• Date of Class: 1/22
  • First due: 1/29
  • Comments due: 2/5
  • Revisions due: 2/12


  • Krause, H. (2017, March 27). Data Biographies: Getting to Know Your Data. Global Investigative Journalism Network. https://gijn.org/2017/03/27/data-biographies-getting-to-know-your-data/
  • Thwaites, T. (2011). The Toaster Project: Or a Heroic Attempt to Build a Simple Electric Appliance from Scratch. Princeton Architectural Press.
  • Weingart, S. B. (2019, February 22). The Route of a Text Message, a Love Story. Vice. https://www.vice.com/en_us/article/kzdn8n/the-route-of-a-text-message-a-love-story

For our first discussion, we talked about doing a deep dive. We read the articles “Data Biographies: Getting to Know Your Data” by Heather Krause, and “The Route of a Text Message, a Love Story” by Scott Weingart, as well as Thomas Thwaites’s book “The Toaster Project”. Each of these readings showed us something different about in-depth analysis. The “Data Biographies” piece gave us some background on what is important to know about your data, such as knowing where it came from, why it was collected, and who collected it. “The Toaster Project” and “The Route of a Text Message” were two very different examples of deep dives; one about the inner workings of a toaster, and one about the magic behind a text message.

We started by discussing what is most important to know about your data; the who vs. where vs. when vs. how vs. why, and if any one is more important than another. I also asked the group if knowing how something works is inherently important to using it (like knowing how a texts works to be able to send a text, for example). Talking about the different parts and people needed in sending a text led us to conversations about the people, materials, and money involved in building a toaster.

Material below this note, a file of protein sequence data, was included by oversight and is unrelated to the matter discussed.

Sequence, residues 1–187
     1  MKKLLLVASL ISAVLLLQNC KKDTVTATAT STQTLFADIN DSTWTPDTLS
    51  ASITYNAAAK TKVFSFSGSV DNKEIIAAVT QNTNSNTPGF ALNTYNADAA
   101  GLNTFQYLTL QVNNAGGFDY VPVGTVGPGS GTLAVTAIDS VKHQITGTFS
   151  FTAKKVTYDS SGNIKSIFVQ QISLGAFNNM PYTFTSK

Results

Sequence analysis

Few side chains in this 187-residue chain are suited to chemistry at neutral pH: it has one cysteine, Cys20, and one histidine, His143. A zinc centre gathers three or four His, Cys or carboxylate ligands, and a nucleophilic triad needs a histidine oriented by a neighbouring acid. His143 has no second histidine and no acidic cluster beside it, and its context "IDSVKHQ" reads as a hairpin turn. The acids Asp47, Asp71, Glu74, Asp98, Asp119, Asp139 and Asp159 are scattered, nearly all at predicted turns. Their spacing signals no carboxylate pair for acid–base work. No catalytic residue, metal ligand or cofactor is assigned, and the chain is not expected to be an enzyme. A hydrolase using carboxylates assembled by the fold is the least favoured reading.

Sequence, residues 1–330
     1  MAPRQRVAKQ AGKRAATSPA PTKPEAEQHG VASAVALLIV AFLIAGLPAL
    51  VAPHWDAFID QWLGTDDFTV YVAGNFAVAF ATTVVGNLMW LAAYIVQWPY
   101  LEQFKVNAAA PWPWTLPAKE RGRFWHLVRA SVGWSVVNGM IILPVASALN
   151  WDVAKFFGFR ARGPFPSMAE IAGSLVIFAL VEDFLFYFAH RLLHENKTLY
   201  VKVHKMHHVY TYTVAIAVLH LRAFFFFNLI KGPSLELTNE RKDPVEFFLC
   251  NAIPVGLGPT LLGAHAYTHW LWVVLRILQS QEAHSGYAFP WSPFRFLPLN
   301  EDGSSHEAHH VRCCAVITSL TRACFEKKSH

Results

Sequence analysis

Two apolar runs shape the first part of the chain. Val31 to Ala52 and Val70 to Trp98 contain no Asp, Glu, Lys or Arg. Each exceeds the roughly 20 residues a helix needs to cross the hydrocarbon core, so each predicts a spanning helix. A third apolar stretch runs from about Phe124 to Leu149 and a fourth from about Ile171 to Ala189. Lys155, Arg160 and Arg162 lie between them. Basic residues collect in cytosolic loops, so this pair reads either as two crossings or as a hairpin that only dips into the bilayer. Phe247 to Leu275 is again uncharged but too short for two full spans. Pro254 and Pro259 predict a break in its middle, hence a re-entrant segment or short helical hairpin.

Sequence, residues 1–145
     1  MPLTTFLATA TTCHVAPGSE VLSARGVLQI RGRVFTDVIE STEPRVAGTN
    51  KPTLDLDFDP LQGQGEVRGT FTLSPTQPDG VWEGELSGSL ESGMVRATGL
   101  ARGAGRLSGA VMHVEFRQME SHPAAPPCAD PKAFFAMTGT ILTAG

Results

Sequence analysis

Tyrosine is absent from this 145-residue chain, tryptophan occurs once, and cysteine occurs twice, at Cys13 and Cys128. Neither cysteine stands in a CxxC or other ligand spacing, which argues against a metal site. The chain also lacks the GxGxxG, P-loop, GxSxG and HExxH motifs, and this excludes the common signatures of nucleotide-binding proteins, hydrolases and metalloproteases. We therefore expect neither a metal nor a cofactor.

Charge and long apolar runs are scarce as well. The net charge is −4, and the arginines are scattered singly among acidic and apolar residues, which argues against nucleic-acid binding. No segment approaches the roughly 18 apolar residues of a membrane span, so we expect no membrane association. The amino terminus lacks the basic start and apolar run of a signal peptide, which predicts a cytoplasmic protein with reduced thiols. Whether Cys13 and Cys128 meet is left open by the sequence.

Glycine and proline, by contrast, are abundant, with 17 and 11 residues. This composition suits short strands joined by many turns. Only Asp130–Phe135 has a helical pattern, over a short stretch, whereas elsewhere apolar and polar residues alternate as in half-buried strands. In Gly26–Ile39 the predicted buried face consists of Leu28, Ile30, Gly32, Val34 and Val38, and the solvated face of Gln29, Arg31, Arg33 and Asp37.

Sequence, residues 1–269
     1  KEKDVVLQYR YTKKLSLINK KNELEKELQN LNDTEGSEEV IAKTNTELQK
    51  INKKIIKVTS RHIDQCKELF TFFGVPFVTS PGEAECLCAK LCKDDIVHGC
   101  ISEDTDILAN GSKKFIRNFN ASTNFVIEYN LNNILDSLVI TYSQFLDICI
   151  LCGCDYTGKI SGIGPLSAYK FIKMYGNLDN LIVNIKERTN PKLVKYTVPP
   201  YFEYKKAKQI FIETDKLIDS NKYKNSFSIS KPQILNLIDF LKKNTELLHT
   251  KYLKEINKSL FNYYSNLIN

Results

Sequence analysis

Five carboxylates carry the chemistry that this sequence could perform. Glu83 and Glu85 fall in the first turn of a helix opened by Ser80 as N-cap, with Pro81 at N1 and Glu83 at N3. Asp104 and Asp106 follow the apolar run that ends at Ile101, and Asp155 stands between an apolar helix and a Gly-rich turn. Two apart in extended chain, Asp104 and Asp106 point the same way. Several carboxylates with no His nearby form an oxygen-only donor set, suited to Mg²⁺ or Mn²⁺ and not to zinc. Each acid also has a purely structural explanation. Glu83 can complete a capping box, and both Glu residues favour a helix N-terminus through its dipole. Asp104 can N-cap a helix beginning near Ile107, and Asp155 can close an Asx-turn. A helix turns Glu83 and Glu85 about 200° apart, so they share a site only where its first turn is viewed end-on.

When discussing the who vs. where vs. when vs. how vs. why of data, we discussed if any one is more important than another. This was a tough question, as it is difficult to think wholistically about data without a complete picture of the data you are dealing with. We found that the “why” of data can you understand possible biases in the data. For example, say Planned Parenthood is gathering data on how many women have had abortions in the last five years to determine whether or not abortion was a popular/common enough procedure for PP to continue to offer. The data collected would be very different from the data that perhaps Christian Mothers Against Abortion would get if they were collecting data on how many women have had abortions to determine how many babies have been murdered in the last five years. The why inevitably produces different data. Questions are different, answers are different, and where, when, and how is likely different as well (in this example the where/when/how is almost definitely different as well).

The discussion of the Toaster Project led us to a discussion about innovation. To innovate something, you have to first be familiar with that thing. Only then can you analyze it and come up with ways to improve it or new wasy to use it. We agreed in the case of everyday technologies, however, that if you are using something as it is, without the intention of innovating it, you should know the basics in how things work, but more generally rather than in depth (knowing exactly how it works is not a completely necessary part of using it). We even touched upon the concept of consumerism when it came to the ease of buying something new versus the time it takes to fix something.